I have a bit of a thing for Frank Lloyd Wright. Not the man himself (he was quite a crazy man and beyond egotistical, but then again aren't most architects?), but his architecture. I blame my father for this, not that it's a bad thing, because he too loves Frank Lloyd Wright.
In fact, in the 20 years that I lived in my childhood home, my dad rehabbed nearly the entire house from top to bottom with an arts and crafts flavored style-- simple designs and lines, wood built-ins, stained glass light fixtures in the arts and crafts style. And when my parents moved, I was crushed. Not only because it was my childhood home, but because the house was beautiful and I worried that the next person to buy it would change it all. So what did my dad do with their new house? Began the process over again, naturally.
Maybe it's cliche to say that Frank Lloyd Wright is your favorite architect, but I'm ok with that. And just as it happens, Andrew (who is an architect himself) claims Wright as his favorite as well. In fact, in the process of redoing small parts of our row house in Baltimore, we've toyed with adding little Wright-esque features here and there. The most recent being our staircase. The stairs have been completed, but our banister remains unfinished with an architectural debate at hand. We'd love to take it out and install something like this:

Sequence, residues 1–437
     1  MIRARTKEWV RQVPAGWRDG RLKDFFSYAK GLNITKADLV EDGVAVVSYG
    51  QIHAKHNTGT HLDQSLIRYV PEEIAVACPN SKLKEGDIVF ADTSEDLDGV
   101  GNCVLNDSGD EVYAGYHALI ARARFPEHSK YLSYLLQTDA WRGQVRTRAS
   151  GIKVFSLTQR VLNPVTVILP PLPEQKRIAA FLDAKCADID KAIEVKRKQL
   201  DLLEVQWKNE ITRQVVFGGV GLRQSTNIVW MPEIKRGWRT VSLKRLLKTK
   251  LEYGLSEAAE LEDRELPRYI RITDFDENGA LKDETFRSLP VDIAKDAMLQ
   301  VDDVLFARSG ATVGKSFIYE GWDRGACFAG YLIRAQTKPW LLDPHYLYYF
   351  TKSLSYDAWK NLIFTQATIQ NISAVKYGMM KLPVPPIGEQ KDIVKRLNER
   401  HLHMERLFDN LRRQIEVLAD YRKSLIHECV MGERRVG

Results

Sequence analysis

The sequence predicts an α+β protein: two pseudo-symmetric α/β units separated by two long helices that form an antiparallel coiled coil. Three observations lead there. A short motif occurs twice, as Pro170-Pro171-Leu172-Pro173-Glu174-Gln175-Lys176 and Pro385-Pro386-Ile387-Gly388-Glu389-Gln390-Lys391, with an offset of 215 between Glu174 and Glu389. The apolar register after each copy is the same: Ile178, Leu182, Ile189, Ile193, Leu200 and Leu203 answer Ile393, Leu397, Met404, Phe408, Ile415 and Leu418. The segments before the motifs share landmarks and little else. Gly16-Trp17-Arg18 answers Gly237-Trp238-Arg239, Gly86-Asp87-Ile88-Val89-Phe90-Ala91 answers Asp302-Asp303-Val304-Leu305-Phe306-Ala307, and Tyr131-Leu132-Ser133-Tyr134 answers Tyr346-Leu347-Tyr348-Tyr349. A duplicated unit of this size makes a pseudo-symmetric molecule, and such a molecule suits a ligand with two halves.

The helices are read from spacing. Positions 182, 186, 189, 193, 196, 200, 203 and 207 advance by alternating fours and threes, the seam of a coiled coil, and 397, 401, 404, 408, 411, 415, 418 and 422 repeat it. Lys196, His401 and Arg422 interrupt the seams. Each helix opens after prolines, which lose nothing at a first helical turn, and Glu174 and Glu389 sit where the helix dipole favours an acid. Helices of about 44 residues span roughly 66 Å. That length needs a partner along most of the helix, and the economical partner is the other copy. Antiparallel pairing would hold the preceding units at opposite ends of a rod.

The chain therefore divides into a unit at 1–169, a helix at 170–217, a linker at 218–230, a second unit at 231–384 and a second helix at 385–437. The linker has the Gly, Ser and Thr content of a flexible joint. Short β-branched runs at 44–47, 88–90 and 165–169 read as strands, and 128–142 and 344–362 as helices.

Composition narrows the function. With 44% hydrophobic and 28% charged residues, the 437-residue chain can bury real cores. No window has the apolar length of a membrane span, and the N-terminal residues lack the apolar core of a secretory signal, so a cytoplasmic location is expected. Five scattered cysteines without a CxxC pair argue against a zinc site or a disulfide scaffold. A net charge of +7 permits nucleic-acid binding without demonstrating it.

Needless to say, during our time in Indiana this past Thanksgiving weekend, we spent a morning in Oak Park, outside of Chicago, at Frank's home and studio. While we weren't able to take photos inside, I got some shots of his home and studio exterior as well as some of the other homes he designed in the neighborhood.
While I love most of what Wright designed, I must say that my favorite are the Usonian homes with the cantilevered roof lines and balconies, similar to the characteristics seen in Fallingwater.
Do you see a trend here? We tend to include architectural visits in our travels. Maybe one days if I get rich, I can buy a Frank Lloyd Wright home, but somehow I'd guess that I'm more likely to own a home designed by Andrew. At $875,000 a pop, buying a Wright home is no small investment!